Mr Collins Pride And Prejudice Marriage Analysis

1675 Words 7 Pages
Jane Austen’s novel, Pride and Prejudice, examines the connection between marriage and many factors that can affect it, such as love and affection, money and wealth, social classes, societal norms, and personal expectations. To do so, it follows the relationships of five couples: Mr. and Mrs. Bennet, Mr. Collins and Charlotte Lucas, Mr. Bingley and Jane Bennet, Mr. Darcy and Elizabeth Bennet, Mr. Wickham and Lydia Bennet. All of these relationships begin and progress differently and develop under a variety of motivations and circumstances. By the end of the novel, it becomes obvious that many of the relationships either exhibit similar qualities or blatantly contrast each other.
The marriage between Mr. and Mrs. Bennet appears distant, loveless,
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Collins and Charlotte Lucas occurs largely because of its convenience for both parties, as Mr. Collins obtains a wife and Charlotte receives security. Prior to the marriage, Charlotte did not consider herself particularly romantic. In a conversation with Elizabeth, she insists that happiness in marriage is only a matter of chance and that she prefers to know as little as possible about her husband prior to their wedding. Likewise, Mr. Collins appears to place more importance on the practical aspects of a relationship than his own affection for the other person. Mr. Collins wants to find a wife because he believes that clergymen should marry in order to set an example of a good Christian couple for the parish, and because his patroness, Lady Catherine de Bourgh, insists that he do so. The fact that he so quickly proposes to Charlotte after Elizabeth’s refusal of his proposal to her reveals that he cares much more about getting married than the particular person he marries. Ultimately, Charlotte accepts Mr. Collins’ proposal because fears that she may soon become a spinster with no prospects, and Mr. Collins can provide her with security, comfort, and a home. Both Mr. Collins and Charlotte allow themselves to overlook the person their lack of affection for each other because of the benefits they will both receive from the …show more content…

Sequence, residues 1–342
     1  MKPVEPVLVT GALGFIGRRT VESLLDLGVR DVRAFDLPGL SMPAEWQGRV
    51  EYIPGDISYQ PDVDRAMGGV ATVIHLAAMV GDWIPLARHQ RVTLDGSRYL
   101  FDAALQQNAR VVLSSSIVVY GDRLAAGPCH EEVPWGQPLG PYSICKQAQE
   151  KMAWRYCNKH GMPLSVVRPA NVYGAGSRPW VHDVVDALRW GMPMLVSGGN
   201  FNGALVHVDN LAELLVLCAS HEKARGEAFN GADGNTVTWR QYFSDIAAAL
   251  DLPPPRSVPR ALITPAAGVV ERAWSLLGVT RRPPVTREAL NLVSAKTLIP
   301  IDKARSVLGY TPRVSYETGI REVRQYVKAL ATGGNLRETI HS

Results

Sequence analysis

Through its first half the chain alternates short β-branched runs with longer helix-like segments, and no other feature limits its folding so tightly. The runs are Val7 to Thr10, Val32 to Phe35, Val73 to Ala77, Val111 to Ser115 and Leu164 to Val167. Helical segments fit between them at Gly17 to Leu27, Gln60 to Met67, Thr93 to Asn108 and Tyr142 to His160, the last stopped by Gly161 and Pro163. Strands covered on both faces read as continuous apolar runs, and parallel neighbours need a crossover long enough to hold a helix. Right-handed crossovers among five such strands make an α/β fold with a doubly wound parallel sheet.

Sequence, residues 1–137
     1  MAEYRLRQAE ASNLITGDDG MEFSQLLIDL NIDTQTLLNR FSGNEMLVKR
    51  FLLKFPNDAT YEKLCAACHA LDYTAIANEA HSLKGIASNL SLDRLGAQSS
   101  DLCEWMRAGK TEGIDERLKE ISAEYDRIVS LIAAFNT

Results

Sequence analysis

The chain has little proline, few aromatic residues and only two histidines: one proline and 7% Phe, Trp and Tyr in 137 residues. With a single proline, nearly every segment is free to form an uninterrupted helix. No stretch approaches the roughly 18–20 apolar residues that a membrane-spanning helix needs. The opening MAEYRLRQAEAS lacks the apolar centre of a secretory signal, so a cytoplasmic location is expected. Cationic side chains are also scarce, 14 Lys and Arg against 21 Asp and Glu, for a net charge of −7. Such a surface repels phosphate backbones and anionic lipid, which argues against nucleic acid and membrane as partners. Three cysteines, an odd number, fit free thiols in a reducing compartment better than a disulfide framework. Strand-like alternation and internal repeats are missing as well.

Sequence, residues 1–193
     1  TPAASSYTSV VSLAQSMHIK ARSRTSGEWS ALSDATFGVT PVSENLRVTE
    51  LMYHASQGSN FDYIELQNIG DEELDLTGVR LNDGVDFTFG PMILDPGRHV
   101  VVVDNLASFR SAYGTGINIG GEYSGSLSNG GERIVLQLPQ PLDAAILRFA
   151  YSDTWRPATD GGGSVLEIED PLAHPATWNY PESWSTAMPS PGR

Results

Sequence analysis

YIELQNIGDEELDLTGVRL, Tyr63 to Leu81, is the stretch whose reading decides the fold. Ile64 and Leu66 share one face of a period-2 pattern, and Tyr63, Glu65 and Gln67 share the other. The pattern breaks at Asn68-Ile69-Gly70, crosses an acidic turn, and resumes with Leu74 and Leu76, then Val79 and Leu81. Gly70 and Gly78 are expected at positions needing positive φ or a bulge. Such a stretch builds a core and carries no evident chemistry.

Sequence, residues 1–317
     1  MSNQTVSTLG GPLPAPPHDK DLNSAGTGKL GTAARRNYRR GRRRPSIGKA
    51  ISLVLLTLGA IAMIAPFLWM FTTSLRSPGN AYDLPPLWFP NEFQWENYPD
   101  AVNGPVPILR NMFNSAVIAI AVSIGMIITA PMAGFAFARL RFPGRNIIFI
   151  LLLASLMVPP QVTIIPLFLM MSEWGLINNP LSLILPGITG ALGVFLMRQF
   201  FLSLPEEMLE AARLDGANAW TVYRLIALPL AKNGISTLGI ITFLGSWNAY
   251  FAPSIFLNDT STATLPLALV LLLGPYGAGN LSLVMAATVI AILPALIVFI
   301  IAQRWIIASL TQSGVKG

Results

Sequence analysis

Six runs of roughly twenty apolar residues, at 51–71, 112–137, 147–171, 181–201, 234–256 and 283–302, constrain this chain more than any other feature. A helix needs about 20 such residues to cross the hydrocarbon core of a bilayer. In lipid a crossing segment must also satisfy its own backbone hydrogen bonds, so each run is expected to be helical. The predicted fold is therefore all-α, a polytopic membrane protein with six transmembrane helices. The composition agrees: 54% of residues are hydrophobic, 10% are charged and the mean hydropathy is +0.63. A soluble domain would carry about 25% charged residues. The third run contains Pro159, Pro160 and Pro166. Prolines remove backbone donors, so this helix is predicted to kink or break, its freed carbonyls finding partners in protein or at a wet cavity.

Wickham serves chiefly as a means to reduce the damage to the Bennet family’s reputation that their scandalous behaviour caused. Mr. Wickham primarily views marriage as a source of income; he wants to marry solely to receive the woman’s inheritance. A silly, immature 15 year old, Lydia’s desire for attention and flattery from men leads her to believe that Mr. Wickham loves her and that he has every intention of marrying her, so she agrees to run off with him. Mr. Wickham had already targeted two young women for their money — Georgiana Darcy and Mary King — but these marriages never came to fruition. When he runs away with Lydia, Mr. Wickham soon makes it clear that he has no intentions of marrying Lydia because he fails to complete the trip to Gretna Green, the place to which young couples must go to elope. He likely does this due to the fact that Lydia has very little to offer in inheritance. However, this behavior — a young woman living with a man prior to marriage — would bring shame and ruin to her family. Therefore, the Bennet family forces the hurried union between Lydia and Mr. Wickham upon them to preserve the family’s reputation, and Mr. Wickham ultimately only agrees to marry Lydia because of bribery from Mr. Darcy. Essentially, their relationship begins because of irresponsible behavior based on lust and foolishness, and their marriage serves as damage control. Because of the lack of true affection in their relationship and the

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